They’ve noticed that he’s become a little more resistant to eating, so to compensate, his diet has been changed over to a special higher calorie senior diet. His keepers have also been feeding him more whole prey. Some of his favorites include rabbits, beef and deer. In addition, he’s recently been receiving half of his diet in the morning and half in the afternoon, making it more likely that he’ll eat what is offered to him. He’s lost a little of his weight, but this is no cause for concern as it remains on par for tigers his age. Our team weighs him every two weeks to make sure his caloric needs continue being met.

Beyond changes in his eating habits, Axl has exhibited the occasional asthma flare-up. In response, our animal care team is keeping a very close eye on his breathing and treating him as needed. He’s also just received a physical and will continue to undergo those on a regular basis, as always. Keepers have even trained him to present his tail so that our vet staff can easily draw blood to verify continued proper functioning of his organs.

Axl Blood Draw

Axl presents his tail so vet staff can draw blood

Rachael Brushing Axl

Axl enjoying being brushed!

Unfortunately for us, wild animals tend to hide symptoms of illness until it’s too late, but Axl’s team of caregivers continues to do everything in their power to prevent issues and respond to his needs as they become evident. Meanwhile, he’s enjoying his daily brushings and continues to entertain visitors while on exhibit. Keeper Rachael Campbell, Axl’s primary keeper, describes him as “more laidback than ever!”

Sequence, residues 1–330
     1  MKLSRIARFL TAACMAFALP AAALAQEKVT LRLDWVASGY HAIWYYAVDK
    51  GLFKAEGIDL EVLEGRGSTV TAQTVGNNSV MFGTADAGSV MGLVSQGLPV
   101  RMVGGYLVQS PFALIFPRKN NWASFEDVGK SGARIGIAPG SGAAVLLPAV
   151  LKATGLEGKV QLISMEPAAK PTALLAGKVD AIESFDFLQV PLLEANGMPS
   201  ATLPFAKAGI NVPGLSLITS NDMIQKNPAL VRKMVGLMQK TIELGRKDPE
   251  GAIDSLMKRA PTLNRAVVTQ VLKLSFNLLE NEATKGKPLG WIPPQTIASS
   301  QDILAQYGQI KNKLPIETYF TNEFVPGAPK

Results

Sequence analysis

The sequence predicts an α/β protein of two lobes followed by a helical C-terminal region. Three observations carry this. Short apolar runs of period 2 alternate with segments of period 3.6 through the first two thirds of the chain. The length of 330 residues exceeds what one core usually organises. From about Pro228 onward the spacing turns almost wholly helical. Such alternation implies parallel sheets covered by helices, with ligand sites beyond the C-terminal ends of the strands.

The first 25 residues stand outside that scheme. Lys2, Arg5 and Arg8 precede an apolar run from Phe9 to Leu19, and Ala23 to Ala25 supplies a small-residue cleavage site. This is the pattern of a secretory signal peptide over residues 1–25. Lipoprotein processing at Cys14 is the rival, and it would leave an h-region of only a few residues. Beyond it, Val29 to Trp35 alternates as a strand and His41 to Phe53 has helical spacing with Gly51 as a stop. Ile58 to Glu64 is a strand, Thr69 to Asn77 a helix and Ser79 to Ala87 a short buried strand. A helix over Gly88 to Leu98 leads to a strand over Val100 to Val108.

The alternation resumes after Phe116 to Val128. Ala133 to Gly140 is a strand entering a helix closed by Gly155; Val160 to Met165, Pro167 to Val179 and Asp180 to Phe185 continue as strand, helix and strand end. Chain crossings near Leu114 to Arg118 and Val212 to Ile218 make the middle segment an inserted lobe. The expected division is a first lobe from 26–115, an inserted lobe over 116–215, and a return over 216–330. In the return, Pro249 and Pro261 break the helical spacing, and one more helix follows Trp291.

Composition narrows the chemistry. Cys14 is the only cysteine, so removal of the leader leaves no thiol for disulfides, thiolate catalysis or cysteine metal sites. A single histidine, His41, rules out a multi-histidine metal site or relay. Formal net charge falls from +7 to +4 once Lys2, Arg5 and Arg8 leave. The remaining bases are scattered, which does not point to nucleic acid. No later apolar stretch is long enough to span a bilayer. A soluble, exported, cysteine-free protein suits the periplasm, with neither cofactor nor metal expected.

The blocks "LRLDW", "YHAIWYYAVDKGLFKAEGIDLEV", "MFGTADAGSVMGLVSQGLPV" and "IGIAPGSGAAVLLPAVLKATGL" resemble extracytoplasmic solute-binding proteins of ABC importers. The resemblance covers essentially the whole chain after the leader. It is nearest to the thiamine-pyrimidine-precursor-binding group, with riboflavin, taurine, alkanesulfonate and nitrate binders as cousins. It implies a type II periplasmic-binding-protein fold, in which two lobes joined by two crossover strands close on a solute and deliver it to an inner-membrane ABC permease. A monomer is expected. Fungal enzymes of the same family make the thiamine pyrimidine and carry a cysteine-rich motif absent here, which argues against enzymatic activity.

You can stop by Animal Discovery Zoo and visit Axl every day between 9 a.m. and 4 p.m. Just steer clear of the tiger spray zones!

The Greensboro Science Center Gives Back

The Greensboro Science Center’s (GSC) mission is to provide our community with a dynamic, experiential and family-focused attraction designed to inspire scientific curiosity as well as to encourage personal discovery about life and the natural world. With a zoo and aquarium fully accredited by the Association of Zoos and Aquariums as well as a museum accredited by the American Association of Museums, visitors can be assured that we adhere to the highest standards for facilities of our kind.

The dollars of visitors, members and donors provide much of the support the GSC needs to adequately house and care for both our animals and non-living collections. The community has supported us for more than 60 years, so we are always looking for ways to pay that kindness forward. Knowing that not everyone is able to absorb the full admission price of a visit here, we’ve established the Group Visit Scholarship Assistance Fund, a reserve for nonprofit organizations to apply to receive financial assistance to help with offsetting admission costs.